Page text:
Neal v. Pierce et al, No. 1:2014cv00141 - Document 46 (D. Del. 2017)

Court Description: MEMORANDUM OPINION. Signed by Judge Gregory M. Sleet on 2/24/2017. (mdb)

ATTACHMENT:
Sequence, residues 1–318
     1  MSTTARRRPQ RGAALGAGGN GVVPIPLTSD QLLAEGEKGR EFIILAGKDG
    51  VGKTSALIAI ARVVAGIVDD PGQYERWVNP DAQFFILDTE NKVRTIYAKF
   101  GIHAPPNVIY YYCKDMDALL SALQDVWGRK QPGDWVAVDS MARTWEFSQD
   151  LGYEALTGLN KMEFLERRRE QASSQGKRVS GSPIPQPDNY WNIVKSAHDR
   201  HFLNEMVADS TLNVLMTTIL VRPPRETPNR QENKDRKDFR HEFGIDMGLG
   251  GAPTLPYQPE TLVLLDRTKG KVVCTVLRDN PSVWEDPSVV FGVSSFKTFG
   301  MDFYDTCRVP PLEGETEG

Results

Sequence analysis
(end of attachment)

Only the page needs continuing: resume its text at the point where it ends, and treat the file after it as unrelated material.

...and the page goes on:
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Neal v. Pierce et al Doc. 46 IN THE UNITED STATES DISTRICT COURT FOR THE DISTRICT OF DELAWARE MICHAEL NEAL, Petitioner, v. DAVID PIERCE, Warden, and ATTORNEY GENERAL OF THE STATE OF DELAWARE, Respondents. ) ) ) ) ) ) ) ) ) ) ) Civil Action No. 14-141-GMS Edson A. Bostic. Federal Public Defender's Office, Wilmington, Delaware. Counsel for petitioner. Maria T. Knoll, Delaware Department of Justice, Wilmington, Delaware. Counsel for respondents. MEMORANDUM OPINION fJ, N 1.01 Wilmington, Delaware 1 , 2011 Dockets.Justia.com titian and an amended petition for a writ of habeas corpus pursuant to 28 U.S.C. § 2254 ("petition") filed by petitioner Michael Neal ("Neal"). (D.I. 1; D.I. 42) The State filed an answer in opposition. (D.I. 9; D.I. 43) For the reasons discussed, the court will deny the petition. I. FACTUAL AND PROCEDURAL BACKGROUND A. The New Year's Eve Robberies On December 31, 2008, a group of armed men wearing gloves and disguises robbed three businesses in Wilmington. The first business was Cutrona Liquors. The co-owners, Ashok and Navin Patel, testified at trial that three men rushed into the store brandishing a gun. The men pointed the gun at Ashok and ordered him and his wife into a comer of the store. While one member of the gang guarded the door, another emptied cash and receipts from a box, and the third removed vodka from a display. The robbers fled the scene in a white car. Ashok followed the car and obtained the license plate number, which he later turned over to the police. The robbers next visited Dun-Rite Dry Cleaners. Soo Kim, a co-owner, testified that three men casually entered the store while she attended to a customer. After the customer left, the three men rushed toward her with a gun. Kim fled to the back of the store and called the police. Her husband and another employee opened the cash register for the robbers. The group then descended upon Creative Images Barber Shop. Larry Parks, the owner, testified at trial that three men entered the store brandishing guns and demanding money, wallets, and cell phones. The robbers held Parks at gunpoint and pistol whipped two customers with a gun. Wilmington Police located and arrested four men in a white Chevrolet Lumina later that day. Inside the car, officers discovered the spoils of their felonious escapade: a handgun, masks, liquor bottles, cash, and other items plundered from the stores. Officers eventually identified the men in the car as Kevin Berry, Robert Brown, Michael Neal, and Kadeem Reams. A grand jury indicted Neal on 36 counts related to the New Year's Eve robberies: nine counts each of First Degree Robbery, Possession of a Firearm During the Commission of a Felony, and Second Degree Conspiracy. B. Neal's Trial Neal's trial began on August 11, 2009. Prior to trial, the State offered each of the four co-defendants a plea bargain in exchange for his testimony at any of the other codefendants' trials. Berry, Brown, and Reams accepted their plea offers. Neal did not accept his plea offer and proceeded to trial. At trial, the State presented 85 exhibits and the testimony of 24 witnesses. The State also planned to present the testimony of Neal's three co-defendants pursuant to the terms of their plea bargains. The State presented Brown's testimony, which implicated Neal as having played a role in the inception, planning, and execution of the robberies. On crossexamination, however, Brown admitted to initially telling the police that Neal had not participated in the robberies. Neal's trial counsel did not request a Bland instruction 1 and the trial judge did not sua sponte give a Bland instruction regarding Brown's testimony. The State declined to call Berry and Reams when it learned that the two co-defendants had made out-of-court statements tending to exculpate Neal. Berry made the exculpatory statement to his attorney, while Reams spoke directly to the Attorney General and detectives. The State related this information to Neal's trial counsel. Neal's trial counsel then attempted to call Berry and Reams to testify on [Neal's] behalf. Each of them, however, invoked his Fifth Amendment right against self-incrimination and refused to testify. Berry and Reams feared that if they testified in Neal's defense, they would breach their plea bargains with the State. Without their testimony, Neal's trial counsel sought to admit Berry's and Reams' out-of-court statements under 11 Del. C. § 3 507. After brief argument on the issue, the trial judge concluded that the statements were not admissible under Section 3507. The trial judge reasoned that Berry and Reams would not be "subject to cross examination" under the statute if they invoked their Fifth Amendment privileges. Neal's lawyer asserted no other basis to admit the statements. Neal called no other witnesses and presented no evidence in his defense. A jury convicted Neal on all 36 counts and the trial judge sentenced him to 54 years incarceration. Neal v. State, 80 A.3d 935, 939-40 (Del. 2013). Neal appealed, and the Delaware Supreme Court affirmed his convictions. See Neal v. State, 3 A.3d 222 (Del. 2010). In June 2011, Neal filed a motion for post-conviction relief pursuant to Delaware Superior Court Criminal Rule 61 ("Rule 61 motion"). The Superior Court denied the motion, and the Delaware Supreme Court affirmed that decision. See State v. Neal, 2013 WL 1871755, 1 A jury instruction regarding the credibility of accomplice testimony as described in Bland v. State, 263 A.2d 286 (Del. 1970). 2 at* 12 (Del. Super. Ct. May 1, 2013); Neal, 80 A.3d at 952. Neal moved for a rehearing en bane, which the Delaware Supreme Court denied. (D.I. 9 at 5) While represented by a privately retained attorney, Neal timely filed his original habeas petition in February 2014. (D.I. 1) The State filed an answer. (D.I. 9) Thereafter, Neal's attorney passed away, and the Federal Public Defender was appointed in his place. Now represented by the Federal Public Defender, Neal filed a reply brief, (D.I. 27), to which the State filed a sur reply (D.I. 35). After obtaining the court's permission, Neal filed an amended petition. (D.I. 42) The State filed a response, (D.I. 43), and Neal filed a reply (D.I. 45). II. GOVERNING LEGAL PRINCIPLES A. The Antiterrorism and Effective Death Penalty Act of 1996 Congress enacted the Antiterrorism and Effective Death Penalty Act of 1996 ("AEDP A") "to reduce delays in the execution of state and federal criminal sentences ... and to further the principles of comity, finality, and federalism." Woodford v. Garceau, 538 U.S. 202, 206 (2003). Pursuant to AEDP A, a federal court may consider a habeas petition filed by a state prisoner only "on the ground that he is in custody in violation of the Constitution or laws or treaties of the United States." 28 U.S.C. § 2254(a). AEDPA imposes procedural requirements and standards for analyzing the merits of a habeas petition in order to "prevent federal habeas 'retrials' and to ensure that state-court convictions are given effect to the extent possible under law." Bell v. Cone, 535 U.S. 685, 693 (2002). n: Exhaustion and Procedural Default Absent exceptional circumstances, a federal court cannot grant habeas relief unless the petitioner has exhausted all means of available relief under state law. See 28 U.S.C. § 2254(b); 3 O'Sullivan v. Boerckel, 526 U.S. 838, 842-44 (1999); Picard v. Connor, 404 U.S. 270, 275 (1971). AEDPA states, in pertinent part> An application for a writ of habeas corpus on behalf of a person in custody pursuant to the judgment of a State court shall not be granted unless it appears that - (A) the applicant has exhausted the remedies available in the courts of the State; or (B)(i) there is an absence of available State corrective process; or (ii) circumstances exist that render such process ineffective to protect the rights of the applicant. 28 U.S.C. § 2254(b)(l). The exhaustion requirement is based on principles of comity, requiring a petitioner to give "state courts one full opportunity to resolve any constitutional issues by invoking one complete round of the State's established appellate review process." 0 'Sullivan, 526 U.S. at 844-45; see Werts v. Vaughn, 228 F.3d 178, 192 (3d Cir. 2000). A petitioner satisfies the exhaustion requirement by demonstrating that the habeas claims were "fairly presented" to the state's highest court, either on direct appeal or in a post-conviction proceeding, in a procedural manner permitting the court to consider the claims on their merits. See Bell, 543 U.S. at 451 n. 3; Castille v. Peoples, 489 U.S. 346, 351 (1989). A petitioner's failure to exhaust state remedies will be excused if state procedural rules preclude him from seeking further relief in state courts. See Lines v. Larkins, 208 F.3d 153, 160 (3d Cir. 2000); Teague v. Lane, 489 U.S. 288, 297-98 (1989). Although treated as technically exhausted, such claims are nonetheless procedurally defaulted. See Lines, 208 F.3d at 160; Colemanv. Thompson,501U.S.722, 750-51 (1991). Similarly,ifapetitionerpresentsahabeas claim to the state's highest court, but that court "clearly and expressly" refuses to review the merits of the claim due to an independent and adequate state procedural rule, the claim is 4 exhausted but procedurally defaulted. See Coleman, 501 U.S. at 750; Harris v. Reed, 489 U.S. 255, 260-64 (1989). Federal courts may not consider the merits of procedurally defaulted claims unless the petitioner demonstrates either cause for the procedural default and actual prejudice resulting therefrom, or that a fundamental miscarriage of justice will result if the court does not review the claims. See McCandless v. Vaughn, 172 F.3d 255, 260 (3d Cir. 1999); Coleman, 501 U.S. at 750-51. To demonstrate cause for a procedural default, a petitioner must show that "some objective factor external to the defense impeded counsel's efforts to comply with the State's procedural rule." Murray v. Carrier, 477 U.S. 478, 488 (1986). To demonstrate actual prejudice, a petitioner must show "that [the errors at trial] worked to his actual and substantial disadvantage, infecting his entire trial with error of constitutional dimensions." Id at 494. Alternatively, a federal court may excuse a procedural default if the petitioner demonstrates that failure to review the claim will result in a fundamental miscarriage of justice. See Edwards v. Carpenter, 529 U.S. 446, 451 (2000); Wenger v. Frank, 266 F.3d 218, 224 (3d Cir. 2001). A petitioner demonstrates a miscarriage of justice by showing a "constitutional violation has probably resulted in the conviction of one who is actually innocent." Murray, 477 U.S. at 496. Actual innocence means factual innocence, not legal insufficiency. Bousley v. United States, 523 U.S. 614, 623 (1998). In order to establish actual innocence, the petitioner must present new reliable evidence - not presented at trial - that demonstrates "it is more likely than not that no reasonable juror would have found petitioner guilty beyond a reasonable doubt." House v. Bell, 547 U.S. 518, 537-38 (2005); see Sweger v. Chesney, 294 F.3d 506, 522-24 (3d Cir. 2002). 5 C. Standard of Review W4en a state's highest court has adjudicated a federal habeas claim on the merits, the federal court must review the claim under the deferential standard contained in 28 U.S.C. § 2254(d). 2 Pursuant to 28 U.S.C. § 2254(d), federal habeas relief may only be granted ifthe state court's decision was "contrary to, or involved an unreasonable application of, clearly established Federal law, as determined by the Supreme Court of the United States," or the state court's decision was an unreasonable determination of the facts based on the evidence adduced in the trial. 28 U.S.C. § 2254(d)(l) & (2); see Williams v. Taylor, 529 U.S. 362, 412 (2000); Appel v. Horn, 250 F.3d 203, 210 (3d Cir. 2001). This deferential standard of§ 2254(d) applies even "when a state court's order is unaccompanied by an opinion explaining the reasons relief has been denied." Harrington v. Richter, 562 U.S. 86, 98-100 (2011). As explained by the Supreme Court, "it may be presumed that the state court adjudicated the claim on the merits in the absence of any indication or state-law procedural principles to the contrary." Id. Finally, when reviewing a claim under§ 2254(d), a federal court must presume that the state court's determinations of factual issues are correct. See 28 U.S.C. § 2254(e)(l); Appel, 250 F.3d at 210. This presumption of correctness applies to both explicit and implicit findings of fact, and is only rebutted by clear and convincing evidence to the contrary. See 28 U.S.C. § 2254(e)(l); Campbell v. Vaughn, 209 F.3d 280, 286 (3d Cir. 2000). The Supreme Court has "not defined the precise relationship between§ 2254(d)(2) and§ 2254(e)(l)." Burt v. Titlow, 134 S.Ct. 10, 15 (2013); but see Miller-El v. Cockrell, 537 U.S. 322, 341 (2003)(stating that the 2 A claim has been "adjudicated on the merits" for the purposes of 28 U.S.C. § 2254(d) ifthe state court decision finally resolves the claim on the basis of its substance, rather than on a procedural or some other ground. See Thomas v. Horn, 570 F.3d 105, 115 (3d Cir. 2009). 6 clear and convincing standard in § 2254( e)(1) applies to factual issues, whereas the unreasonable application standard of§ 2254(d)(2) applies to factual decisions). III. DISCUSSION Neal's timely filed petition and amended petition assert the following five ineffective assistance of counsel claims: (1) defense counsel failed to argue that the exculpatory, out-ofcourt statements of Berry and Reams were admissible under Delaware Rule of Evidence 804(b)(3); (2) appellate counsel failed to present on direct appeal the argument regarding the admissibility of Berry and Reams' statements; (3) defense counsel failed to request a Bland instruction regarding the credibility of Brown's accomplice testimony; (4) appellate counsel failed to raise the Bland claim on direct appeal; and (5) defense counsel failed to argue that Reams' out-of-court statement was an admissible statement against penal interest under D.R.E. 804(b)(3) and 11 Del. Code Ann. § 1245(3)(c). Neal presented claims one, two, three, and four in his Rule 61 motion, and the Superior Court denied them as meritless. See Neal, 2013 WL 1871755, at *12. The Delaware Supreme Court affirmed that decision. See Neal, 80 A2d at 952. Therefore, Neal will only be entitled to relief for claims one through four under§ 2254(d)(l) if the Delaware Supreme Court's decision was either contrary to, or an unreasonable application of, clearly established federal law. In claim five, Neal supplements the argument contained in claim one by asserting that defense counsel should have argued Reams' statement fell within the scope of the "statement / against interest" exception of D.R.E. 804(b)(3) because Reams subjected himself to criminal liability under 11 Del. Code Ann. § 1245(3)(c) by lying to the authorities. To the extent this argument should be viewed as essentially the same argument that was raised in claim one, the State contends that the same reasons for denying that claim as meritless also apply to claim five. 7 To the extent the instant argument should be viewed as asserting a new and different ineffective assistance of counsel claim, the State asserts that it is procedurally defaulted because Neal did not present claim five in his Rule 61 proceeding, and any attempt to present it to the Delaware state courts in a new Rule 61 motion would be time-barred under Rule 61(i)(l). In this scenario, the court can only review the merits of claim five if Neal demonstrates cause and prejudice, or a miscarriage of justice. The court will review Neal's claims in seriatim. A. Claims One, Two, Three, and Four The clearly established Supreme Court precedent governing ineffective assistance of counsel claims is the two-pronged standard enunciated by Strickland v. Washington, 466 U.S. 668 (1984) and its progeny. See Wiggins v. Smith, 539 U.S. 510 (2003). Under the first Strickland prong, a petitioner must demonstrate that "counsel's representation fell below an objective standard ofreasonableness," with reasonableness being judged under professional norms prevailing at the time counsel rendered assistance. Strickland, 466 U.S. at 688. Under the second Strickland prong, a petitioner must demonstrate "there is a reasonable probability that, but for counsel's error the result would have been different." Id. at 687-96. A reasonable probability is a "probability sufficient to undermine confidence in the outcome." Id. at 688. In order to sustain an ineffective assistance of counsel claim, a petitioner must make concrete allegations of actual prejudice and substantiate them or risk summary dismissal. See Wells v. Petsock, 941F.2d253, 259-60 (3d Cir. 1991); Dooley v. Petsock, 816 F.2d 885, 891-92 (3d Cir. 1987). Although not insurmountable, the Strickland standard is highly demanding and leads to a "strong presumption. that the representation was professionally reasonable." Strickland, 466 U.S. at 689. 8 When denying claims one through four, the Delaware Supreme Court correctly identified Strickland as the applicable precedent. See Neal, 80 A.3d at 941. As such, the Delaware Supreme Court's decision was not contrary to clearly established federal law. The court must also determine ifthe Delaware Supreme Court reasonably applied Strickland to the facts ofNeal's case. See Harrington, 562 U.S. at 105-06. When performing this inquiry, the court must review the Delaware Supreme Court's denial of Neal's ineffective assistance of counsel allegations through a "doubly deferential" lens. Id. "[T]he question is not whether counsel's actions were reasonable, [but rather], whether there is any reasonable argument that counsel satisfied Strickland's deferential standard." Id. 1. Claims one and two: defense and appellate counsels' failure to present the D.R.E. 804(b )(3) argument After they accepted their plea agreements, Berry, Reams, and Brown "professed that Neal helped them rob the businesses." Neal, 80 A.3d at 949. However, during Neal's trial, Berry and Reams changed their stories and claimed that Neal did not participate in the robberies. Id. Neal attempted to have Berry and Reams testify at trial to contradict the State's theory, but both of them invoked their Fifth Amendment right not to testify. Id. When Barry and Reams refused to testify, Neal only had their out-of-court statements to counter the State's story. Id. Since the statements constituted hearsay, defense counsel asked the trial court to admit the statements under 11 Del. Code Ann. § 3507, while also asserting that no other law or rule would allow the trial court to admit the statements. The trial court denied the request because the State could not cross-examine Berry and Reams. Id. In claim one, Neal contends that defense counsel was ineffective for not arguing that the out-of-court statements of Berry and Reams were admissible under D.R.E. 804(b)(3) because, as 9 in Demby v. State, 695 A.2d 1152 (Del. 1995), there were corroborating circumstances indicating the trustworthiness of the statements. Neal presented this argument in his Rule 61 proceeding, and both the Superior Court and the Delaware Supreme Court held that it was objectively reasonable for defense counsel to refrain from arguing that D.R.E. 804(b)(3) provided a basis for the admission of the out-of-court statements, because Demby was inapplicable and the facts indicated that the statements were not trustworthy. In claim two, Neal contends that his appellate counsel should have argued that the out-of-court statements of Berry and Reams were admissible under Rule 804(b)(3) because, once again, as in Demby, there were corroborating circumstances indicating the trustworthiness of the statements. The Delaware Supreme Court denied this claim after determining that appellate counsel was not ineffective for failing to raise the issue of the admissibility of these statements on direct appeal. D .R.E. 804(b)(3) permits the admission of certain hearsay statements that were against the declarant's interests at the time they were made: A statement which was, at the time of its making, so far contrary to the declarant's pecuniary or proprietary interest, or so far tended to subject the declarant to civil or criminal liability, or to render invalid a claim by the declarant against another, that a reasonable person in the declarant' s position would not have made the statement unless the declarant believed it to be true. A statement tending to expose the declarant to criminal liability and offered to exculpate the accused is not admissible unless corroborating circumstances clearly indicated the trustworthiness of the statement. D.R.E. 804(b)(3). In Demby, the Delaware Supreme Court explained that the corroboration requirement ofD.R.E. 804(b)(3) is a preliminary question as to the admissibility of evidence. The trial judge must find only that sufficient corroborating circumstances exist and then permit the jury to make the ultimate determination of the to such evidence. The corroboration requirement should not be used weight to be as a means of usurping jury's function. Demby, 695 A.2d at 1159. 10 In his Rule 61 affidavit, defense counsel explained that he concluded the evidence could not be under Rule 804(b)(3) because the statements of Reams and Berry were not trustworthy -- both defense counsel and the State believed the statements were only made as a last minute effort to save their friend. (D.I. 11, App. to Appellant's Op. Br. in Neal v. State, No. 282,2013, at A44) On post-conviction appeal, the Delaware Supreme Court held that it was objectively reasonable for defense counsel to not argue that the statements were admissible under Rule 804(b)(3), explaining its conclusion as follows: Under Smith [v. State, 647 A.2d 1083, 1088 (Del. 1994)], we first must bifurcate the Statements into their self-inculpatory and non-self-inculpatory components: (1) each declarant reiterated his own involvement in the robberies (self-inculpatory); and (2) each declarant stated that Neal was not involved in the robberies (non-self-inculpatory). Introducing the self-inculpatory components of the Statements was of little value to Neal's trail counsel, because substantial evidence already supported the conclusion that Berry and Reams had participated in the robberies. Thus, the main advantage to Neal would be for the non-self-inculpatory components of the Statements that tended to exculpate Neal to be admitted. Neal's trial counsel's conclusion that the Statements were not "trustworthy," as the Rule requires, is consistent with our view in Smith that "[n]onself-incriminatory components of a declaration purportedly falling within D.R.E. 804(b)(3) are presumptively inadmissible hearsay because they cannot claim any special guarantees of reliability and trustworthiness. Neal, 80 A.3d at 950 (emphasis in original). The Delaware Supreme Court also held that "Neal's reliance on Demby is misguided[, because t]he facts here are easily distinguished." Id. at 951. Specifically, the Delaware Supreme Court explained when, as here, "there are multiple participants in a crime, an admission by one participant does not automatically negate another's involvement or culpability. The Statements at issue here only maintain an exculpatory effect because of the language that is collateral to the actual self-inculpatory portions." Id. at 952. After reviewing claims one and two in context with the record, the court concludes that the Delaware Supreme Court's decision constituted a reasonable application of Strickland. First, 11 on habeas review, the court defers to the Delaware Supreme Court's interpretation and application of clearly established Delaware precedent as set forth in Smith and Demby. See Estelle v. McGuire, 502 U.S. 62, 68 (1991). Second, given Neal's failure to provide clear and convincing evidence to the contrary, the court also accepts as correct the Delaware Supreme Court's factual determination regarding the inculpatory/exculpatory effect of the statements, and its determination that Demby simply did not apply to Neal's case. Third, in his Rule 61 proceeding, the State and defense counsel determined that neither Berry's nor Reams' statements were credible for the following reasons: (1) neither statement comported with the other witness' accounts that there were three actors in the crime who fled in Brown's car after the robbery at the liquor store; (2) neither statement explained why, when the car was stopped by police, Neal was dressed in all black clothing with black gloves and a loaded revolver, with $400 in currency in his possession; (3) neither statement explained why, when stopped by police, Neal was wearing a disguise to hide his face; and (4) the statements do not explain why, in his plea agreement, Reams pled guilty to conspiring with Neal to commit the robberies. (D.I. 11, Affidavit of Trial Counsel at 5; DJ. 11, State's Response to Defendant's Motion for Post-Conviction Relief at 1516) Since the record does not contain any corroborating evidence demonstrating that Reams and Berry's statements were trustworthy, the court concludes that it was objectively reasonable for defense and appellate counsel to conclude that there were no corroborating circumstances indicating the trustworthiness of the statements. In addition, given all of the testimonial and circumstantial evidence presented, Neal cannot show a reasonable probability that the outcome of his trial or appeal would have been different but for defense and appellate counsels' failure to make a Rule 804(b)(3) argument 12 regarding the out-of-court statements. Accordingly, the court will deny claims one and two for failing to satisfy § 2254(d). 2. Claims three and four: defense and appellate counsel failed to request a Bland instruction regarding the credibility of Brown's accomplice testimony During the trial, Brown testified that Neal participated in the robberies and carried a black .357 revolver while the codefendants were robbing the businesses. In claims three and four, Neal contends that defense and appellate counsel were ineffective for respectively failing to request a Bland instruction telling the jury to view accomplice testimony with caution and for failing to raise the Bland issue on appeal. On post-conviction appeal, the Delaware Supreme Court held that defense and appellate counsel performed deficiently by failing to request a Bland instruction and by failing to raise the Bland issue on direct appeal, but that their failure did not prejudice Neal. The Delaware Supreme Court based this decision on the "overwhelming record evidence that supports the accomplice's testimony," noting that, "even without Brown's testimony, the [overwhelming] evidence[] showed that Neal helped Berry, Reams, and Brown rob the businesses." Neal, 80 A.3d at 946. The "overwhelming evidence" referenced by the Delaware Supreme Court included the testimony of twenty-three witnesses for the State and eighty-five trial exhibits which corroborated Brown's trial testimony. See Neal, 2013 WL 1871755, at *6. In addition, [t]he State presented money and valuables that the robbers stole and a disguise that a robber wore, all of which the police found near where Neal sat in the Lumina. For example, Detective Ernest Tolbert identified two brown wallets, assorted cell phones, a Bluetooth headset, cigars, and a bottle of Grey Goose vodka, all stolen. Further, the State also displayed a revolver, a Black Arminius .357 Magnum, which the police found near the Lumina's passenger-side, front door. According to witnesses, Neal had this revolver when the police stopped the Lumina, and a robber had a revolver during the crimes. 13 Neal, 2013 WL 1871755, at *6. The State also presented testimony that Neal tried to run away from the police after they stopped the car, he pointed a revolver at a police officer, and then he fought with the officer. Id. Neal's statement in this proceeding that Brown's "11th hour change of plea and dramatic trial testimony, which recanted his initial statement to the police that Neal was not involved in the robberies, made him the centerpiece of the State's case," (D.I 3 at 23), does not constitute clear and convincing evidence rebutting the Delaware Supreme Court's factual determination that there was overwhelming evidence supporting Brown's testimony that Neal helped Berry, Reams and Brown rob the businesses. Thus, the court accepts the Delaware Supreme Court's factual determination as correct. Given the overwhelming evidence of Neal's guilt that was independent of Brown's testimony, and after viewing the Delaware Supreme Court's decision through a doubly deferential lens, the court concludes that the Delaware Supreme Court reasonably applied Strickland in holding that Neal failed to demonstrate a reasonable probability that the outcome of his trial would have been different but for counsels' failure to request (or raise on appeal the issue of failing to request) a Bland instruction. Thus, the court will deny claims three and four for failing to satisfy the § 2254(d) standard. B. · Claim Five In claim five, Neal contends that defense counsel provided ineffective assistance by failing to argue "that an out-of-court statement, by government witness Kadeem Reams, was an admissible 'statement against penal interest' under D.R.E. 804(b)(3) and 11 Del. Code Ann. § 1245(3)(c)." (D.I. 37-l)(emphasis added) Section 1245 provides, in relevant part, that a person is guilty of falsely reporting an incident when he conveys a false report to a lawenforcement officer, and the false report "relat[es] to an actual offense or incident or to the 14 alleged implication of some person therein[.]" 11 Del. Code Ann. § 1245(3)(c). In this case, after originally informing the police that Neal had participated in the robberies, and after he pled guilty, Reams changed his story and told police detectives that Neal had not participated in the robberies. Now, in claim five, Neal asserts that defense counsel was ineffective for failing to argue that Reams' out-of-court statement to police detectives was a statement against penal interest because it exposed Reams to criminal liability under 11 Code Ann. § 1245(3)(c). The State explains that claim five can be viewed either as asserting essentially the same, but expanded, D.R.E. 804(b)(3) argument as the one contained in claim one and, therefore, is reviewable under § 2254(d), or claim five can be viewed as a new claim which is procedurally defaulted claim and reviewable only if Neal demonstrates cause and prejudice, or a miscarriage of justice. Given the State's position, the court will analyze claim five under both standards. 1. Claim five as a supplement to claim one To the extent Neal's§ 1245(3)(c) "statement against interest" argument in claim five merely expands the D.R.E. 804(b)(3) argument in claim one, the court concludes that it must be dismissed for failing to satisfy§ 2254(d). Pursuant to D.R.E. 804(b)(3), a statement tending to expose the declarant to criminal liability and offered to exculpate the accused is not admissible unless corroborating circumstances clearly indicate the trustworthiness of the statement. Consequently, even if Reams' second statement exposed him to criminal liability under § 1245(3)(c), that statement would only have been admissible if corroborating circumstances clearly indicated the trustworthiness of the statement. As the court previously explained when discussing claim one and Demby, it was objectively reasonable for defense counsel to conclude that there were no corroborating circumstances indicating the trustworthiness of Reams' statement, because Neal has not provided, and the record does not contain, any corroborating 15 evidence demonstrating that Reams' out-of-court statement was trustworthy. See supra at 9-10. In addition, given all of the testimonial and circumstantial evidence presented during the trial, Neal cannot show a reasonable probability that the outcome of his trial would have been different but for defense counsel's failure to make a Rule 804(b)(3)/§ 1245(3)(c) argument regarding Reams' out-of-court statement. Accordingly, to the extent claim five extends or supplements claim one, the court will deny it for failing to satisfy § 2254(d). 2. Claim five as a new claim To the extent claim five should be treated as an entirely new claim, it is procedurally defaulted because Neal never presented it to the Delaware Supreme Court on post-conviction appeal. Neal attempts to establish cause under Martinez v. Ryan, 566 U.S. 1 (2012), by blaming post-conviction counsel for failing to raise this extension of his original Rule 804 ineffective assistance of counsel argument in his Rule 61 proceeding. In Martinez, the Supreme Court held for the first time that inadequate assistance of counsel during an initial-review state collateral proceeding may establish cause for a petitioner's procedural default of a claim of ineffective assistance of trial counsel. Id. at 16-17. In order to obtain relief under Martinez, a petitioner must demonstrate that the state post-conviction attorney in his first state collateral proceeding was ineffective under the standards established in Strickland, that the underlying ineffective assistance of trial counsel claim is substantial, and that petitioner was prejudiced. Id. at 9-10, 1617. A "substantial" ineffective assistance of trial counsel claim is one that has "some merit" which, given the Martinez Court's citation to Miller-El v. Cockrell, 537 U.S. 322 (2003), appears to be governed by the standards applicable to certificates of appealability. Id. at 12-16. Here, the court concludes that Martinez does not provide a method for establishing cause for Neal's default of claim five, because the court's conclusion that defense counsel's failure to 16 raise the Rule 804(b)(3)/§ 1245(3)(c) argument regarding Reams' out-of-court statement does not satisfy either prong of the Strickland test precludes Neal from demonstrating that the underlying ineffective assistance of counsel claim is substantial. The court's determination that defense counsel's failure to raise the Rule 804(b)(3)/§ 1245 argument at trial does not satisfy either prong of Strickland also precludes Neal from demonstrating that he will suffer prejudice as a result of his default of claim five. Finally, the miscarriage of justice exception to the procedural default doctrine does not excuse Neal's default, because he has not presented new reliable evidence of his actual innocence. For all of these reasons, the court will alternatively deny claim five as procedurally barred from habeas review. C. Stand-Alone Cumulative Error Claim Finally, Neal contends that habeas relief is warranted because he was prejudiced by the cumulative effect of defense counsel's failure to present the Rule 804(b)(3) argument, the accomplice instruction argument, and the§ 1245 false reports argument. (D.I. 27 at 9-10; D.I. 45 at 9-11) A "cumulative error argument constitutes a stand-alone constitutional claim subject to exhaustion and procedural default." See Collins v. Secy of Pennsylvania Dep 't of Corr., 742 F.3d 528, 541 (3d Cir. 2014). In this case, Neal defaulted his cumulative error claim because he did not present this argument as a stand-alone claim in his Rule 61 proceeding, and the time to present this claim in the Delaware state courts has passed. Neal's attempt to establish cause under Martinez fails for the same reasons previously discussed See supra at 16-17. In turn, given the court's conclusion that defense counsel's failure to raise each of these arguments separately does not satisfy the Strickland standard, there are no errors to aggregate, meaning that Neal cannot demonstrate prejudice. Thus, the court will deny Neal's cumulative error claim as procedurally barred from habeas review. 17 IV. CERTIFICATE OF APPEALABILITY When a district court issues a final order denying a§ 2254 petition, the court must also decide whether to issue a certificate of appealability. See 3d Cir. L.A.R. 22.2 (2011 ). A certificate of appealability is appropriate when a petitioner makes a "substantial showing of the denial of a constitutional right" by demonstrating "that reasonable jurists would find the district court's assessment of the constitutional claims debatable or wrong." 28 U.S.C. § 2253(c)(2); Slack v. McDaniel, 529 U.S. 473, 484 (2000). The court has concluded that Neal's petition fails to warrant federal habeas relief. The court is persuaded that reasonable jurists would not find this conclusion to be debatable. Therefore, the court will not issue a certificate of appealability. V. CONCLUSION For the reasons stated, Neal's petition for habeas relief pursuant to 28 U.S.C. § 2254 is denied without an evidentiary hearing or the issuance of a certificate of appealability. An appropriate order shall issue. 18